Enhancing Students’ Understanding of Bi-Polarity in the History Classroom , pp. 10 of 13

Instructions for classroom activity:

  1. (similar to the earlier activity) The teacher will draw one horizontal line on a butcher paper.
  2. The teacher will then make a mark at the start of the line with the year ‘1950’ and another one at the end of the line with the year ‘1979’.
  3. The teacher will divide students into groups of 4s or 5s.
  4. The teacher will then get students to arrange the Cold War developments in chronological order along the timeline.
  5. After which, the teacher could ask students the following guiding questions:
  1. What changed in terms of Sino-Soviet relations over the years?
  2. What changed in terms of Cold War dynamics over the years?
  3. What changed in terms of American-Soviet relations over the years?
  4. What persisted in terms of the Cold War over the years?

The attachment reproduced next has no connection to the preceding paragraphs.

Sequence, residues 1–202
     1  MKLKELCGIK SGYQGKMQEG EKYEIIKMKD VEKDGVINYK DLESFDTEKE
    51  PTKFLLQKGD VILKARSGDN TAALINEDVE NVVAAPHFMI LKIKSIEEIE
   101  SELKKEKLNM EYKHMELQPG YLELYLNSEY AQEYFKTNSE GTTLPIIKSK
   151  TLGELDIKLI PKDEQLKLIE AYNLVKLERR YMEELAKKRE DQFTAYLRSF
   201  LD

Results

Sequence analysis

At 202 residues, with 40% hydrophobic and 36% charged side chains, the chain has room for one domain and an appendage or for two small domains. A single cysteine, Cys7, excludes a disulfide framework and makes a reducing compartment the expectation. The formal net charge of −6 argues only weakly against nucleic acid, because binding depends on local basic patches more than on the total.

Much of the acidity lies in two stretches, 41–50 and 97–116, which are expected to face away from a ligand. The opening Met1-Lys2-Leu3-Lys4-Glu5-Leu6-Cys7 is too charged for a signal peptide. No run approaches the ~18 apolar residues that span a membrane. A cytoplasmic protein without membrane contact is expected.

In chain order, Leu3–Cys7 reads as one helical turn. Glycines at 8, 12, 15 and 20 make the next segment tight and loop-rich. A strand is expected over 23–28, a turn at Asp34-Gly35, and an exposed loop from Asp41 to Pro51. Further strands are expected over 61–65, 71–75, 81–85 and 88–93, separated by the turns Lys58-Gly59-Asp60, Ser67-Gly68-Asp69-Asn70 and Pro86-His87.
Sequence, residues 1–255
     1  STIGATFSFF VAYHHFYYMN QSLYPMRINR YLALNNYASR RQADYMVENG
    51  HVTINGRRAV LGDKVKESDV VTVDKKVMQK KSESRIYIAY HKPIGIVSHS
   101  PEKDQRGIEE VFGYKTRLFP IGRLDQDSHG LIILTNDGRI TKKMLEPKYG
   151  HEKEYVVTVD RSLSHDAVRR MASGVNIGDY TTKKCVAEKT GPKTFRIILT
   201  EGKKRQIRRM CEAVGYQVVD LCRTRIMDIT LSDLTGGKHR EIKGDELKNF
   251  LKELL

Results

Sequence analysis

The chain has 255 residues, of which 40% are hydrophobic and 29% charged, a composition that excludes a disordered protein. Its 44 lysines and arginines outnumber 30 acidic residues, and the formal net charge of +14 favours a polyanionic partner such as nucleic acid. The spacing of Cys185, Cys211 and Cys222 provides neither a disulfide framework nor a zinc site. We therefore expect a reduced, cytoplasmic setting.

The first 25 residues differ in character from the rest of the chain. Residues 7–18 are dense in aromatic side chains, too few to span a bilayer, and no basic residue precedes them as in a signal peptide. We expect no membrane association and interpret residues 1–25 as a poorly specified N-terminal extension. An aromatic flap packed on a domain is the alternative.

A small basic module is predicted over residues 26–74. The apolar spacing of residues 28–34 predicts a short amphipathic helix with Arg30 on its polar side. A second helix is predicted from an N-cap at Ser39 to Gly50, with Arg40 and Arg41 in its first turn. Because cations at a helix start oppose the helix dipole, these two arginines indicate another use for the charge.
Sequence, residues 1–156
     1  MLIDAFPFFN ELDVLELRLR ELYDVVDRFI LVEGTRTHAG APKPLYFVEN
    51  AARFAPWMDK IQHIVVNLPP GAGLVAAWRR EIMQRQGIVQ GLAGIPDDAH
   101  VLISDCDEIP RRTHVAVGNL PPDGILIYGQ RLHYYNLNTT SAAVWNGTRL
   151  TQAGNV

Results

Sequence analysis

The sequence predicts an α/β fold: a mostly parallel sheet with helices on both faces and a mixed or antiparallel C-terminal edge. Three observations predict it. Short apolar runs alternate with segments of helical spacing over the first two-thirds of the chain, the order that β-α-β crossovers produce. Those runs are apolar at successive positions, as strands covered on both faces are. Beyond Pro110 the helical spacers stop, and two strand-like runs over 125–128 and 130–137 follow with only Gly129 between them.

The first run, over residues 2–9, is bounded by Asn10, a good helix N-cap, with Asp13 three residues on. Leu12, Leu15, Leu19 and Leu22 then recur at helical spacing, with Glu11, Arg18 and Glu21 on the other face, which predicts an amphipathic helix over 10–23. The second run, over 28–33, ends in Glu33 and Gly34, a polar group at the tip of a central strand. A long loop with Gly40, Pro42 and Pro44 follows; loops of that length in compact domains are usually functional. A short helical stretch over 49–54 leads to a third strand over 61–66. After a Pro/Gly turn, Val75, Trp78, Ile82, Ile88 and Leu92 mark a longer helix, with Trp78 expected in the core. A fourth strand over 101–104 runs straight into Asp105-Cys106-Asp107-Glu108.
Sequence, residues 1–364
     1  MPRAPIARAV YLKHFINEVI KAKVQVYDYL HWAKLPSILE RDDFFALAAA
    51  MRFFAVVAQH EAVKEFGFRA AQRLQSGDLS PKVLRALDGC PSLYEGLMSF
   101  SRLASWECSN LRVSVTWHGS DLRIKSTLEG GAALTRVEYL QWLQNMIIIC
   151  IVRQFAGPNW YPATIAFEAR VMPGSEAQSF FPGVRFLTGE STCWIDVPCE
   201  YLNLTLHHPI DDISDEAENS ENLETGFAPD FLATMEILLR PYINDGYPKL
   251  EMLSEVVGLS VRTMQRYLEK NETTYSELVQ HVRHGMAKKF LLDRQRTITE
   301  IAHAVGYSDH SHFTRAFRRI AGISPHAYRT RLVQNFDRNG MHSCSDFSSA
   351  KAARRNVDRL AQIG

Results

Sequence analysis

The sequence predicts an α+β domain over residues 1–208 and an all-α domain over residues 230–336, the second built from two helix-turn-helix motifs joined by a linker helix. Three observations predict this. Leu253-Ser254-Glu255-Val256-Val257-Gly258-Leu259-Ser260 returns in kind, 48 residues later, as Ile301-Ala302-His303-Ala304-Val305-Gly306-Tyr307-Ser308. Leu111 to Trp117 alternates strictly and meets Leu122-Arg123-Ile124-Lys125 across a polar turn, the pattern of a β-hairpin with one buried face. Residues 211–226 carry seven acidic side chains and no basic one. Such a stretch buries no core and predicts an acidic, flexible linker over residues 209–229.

Scaffolding and brief background information can and should be provided to students, based on their readiness levels and aptitude. To further guide students, the teacher could ask students to examine the following:

  1. Changes/continuities in the way the United States perceived the USSR and vice versa;
  2. Changes/continuities in the way China perceived the USSR and vice versa;
  3. Changes/continuities in the nature of the Cold War conflict as an ideological conflict over the years;
  4. Changes/continuities in the dynamics of the international system over the years (Hint strongly at the Bandung Conference, a development especially useful for students studying Book 4 as well).

An Inspiring Quote

"[Open-mindedness] includes an active desire to listen to more sides than one; to give heed to facts from whatever source they come; to give full attention to alternative possibilities; to recognize the possibility of error even in the beliefs that are dearest to us."

~ John Dewey, How We Think

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